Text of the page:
Etymology
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ignoble (adj.)

mid-15c., "of low birth;" 1590s as "not honorable, of low character;" from French ignoble (14c.), from Latin ignobilis "unknown, undistinguished, obscure; of base birth, not noble," from assimilated form of in- "not, opposite of" (see in- (1)) + gnobilis "well-known, famous, renowned, of superior birth," from PIE root *gno- "to know." Related: Ignobly; ignobility.

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*gno- 

*gnō-, Proto-Indo-European root meaning "to know."

It forms all or part of: acknowledge; acquaint; agnostic; anagnorisis; astrognosy; can (v.1) "have power to, be able;" cognition; cognizance; con (n.2) "study;" connoisseur; could; couth; cunning; diagnosis; ennoble; gnome; (n.2) "short, pithy statement of general truth;" gnomic; gnomon; gnosis; gnostic; Gnostic; ignoble; ignorant; ignore; incognito; ken (n.1) "cognizance, intellectual view;" kenning; kith; know; knowledge; narrate; narration; nobility; noble; notice; notify; notion; notorious; physiognomy; prognosis; quaint; recognize; reconnaissance; reconnoiter; uncouth; Zend.

It is the hypothetical source of/evidence for its existence is provided by: Sanskrit jna- "know;" Avestan zainti- "knowledge," Old Persian xšnasatiy "he shall know;" Old Church Slavonic znati "recognizes," Russian znat "to know;" Latin gnoscere "get to know," nobilis "known, famous, noble;" Greek gignōskein "to know," gnōtos "known," gnōsis "knowledge, inquiry;" Old Irish gnath "known;" German kennen "to know," Gothic kannjan "to make known."

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parvanimity (n.)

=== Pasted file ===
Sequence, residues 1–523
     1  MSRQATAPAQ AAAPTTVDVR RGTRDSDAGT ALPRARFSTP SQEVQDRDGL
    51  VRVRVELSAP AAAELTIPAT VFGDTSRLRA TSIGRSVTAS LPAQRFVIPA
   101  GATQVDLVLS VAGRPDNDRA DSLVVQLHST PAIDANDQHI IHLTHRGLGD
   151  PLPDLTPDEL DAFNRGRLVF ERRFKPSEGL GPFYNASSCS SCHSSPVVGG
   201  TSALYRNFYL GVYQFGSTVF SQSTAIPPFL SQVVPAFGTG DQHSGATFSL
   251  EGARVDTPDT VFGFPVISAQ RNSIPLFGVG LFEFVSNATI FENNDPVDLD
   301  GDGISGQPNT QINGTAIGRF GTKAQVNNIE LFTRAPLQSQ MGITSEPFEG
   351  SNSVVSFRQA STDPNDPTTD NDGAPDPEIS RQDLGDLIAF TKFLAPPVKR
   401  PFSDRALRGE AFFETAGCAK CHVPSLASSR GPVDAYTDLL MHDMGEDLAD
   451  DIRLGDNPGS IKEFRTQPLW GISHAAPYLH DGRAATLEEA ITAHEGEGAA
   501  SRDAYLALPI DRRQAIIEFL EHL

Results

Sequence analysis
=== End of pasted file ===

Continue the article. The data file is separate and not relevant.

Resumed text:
"state of having a little or ignoble mind," 1690s, from Latin parvus "small" (see parvi-) + ending from magnanimity.

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drudgery (n.)

"the labor of a drudge; ignoble, spiritless toil," 1540s, from drudge (v.) + -ery.

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narrow-minded (adj.)

also narrowminded, "bigoted, illiberal, of confined views or sentiments," 1620s, from narrow (adj.) + -minded. Related: Narrow-mindedness. Middle English had narrow-hearted "mean, ungenerous, ignoble" (c. 1200).

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comical (adj.)

1550s, "of or pertaining to comedy," from comic (or Latin comicus) + -al (1). Meaning "funny, exciting mirth" is from 1680s. Also sometimes in 17c. "befitting comedy, low, ignoble." Related: Comicality; comicalness.

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banausic (adj.)
"merely mechanical," coined 1845 from Greek banausikos "pertaining to mechanics," from banausos "artisan, mere mechanical," hence (to the Greeks) "base, ignoble;" sometimes said to be literally "working by fire," from baunos "furnace, forge" (but Beekes dismisses this as folk etymology and calls it a pre-Greek word of uncertain origin).
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madding (adj.)

"becoming mad, acting madly, raging, furious," 1570s, present-participle adjective from obsolete verb mad "to make insane; to become insane" (replaced by madden); now principally in the phrase far from the madding crowd, title of the popular 1874 novel of love and betrayal in rural England by Hardy, who lifted it from "Far from the madding crowd's ignoble strife," a line of Gray's "Elegy" (1749), which seems to echo and smooth a line from Drummond of Hawthornden from 1614 ("Farre from the madding Worldling's hoarse discords"). Related: Maddingly.

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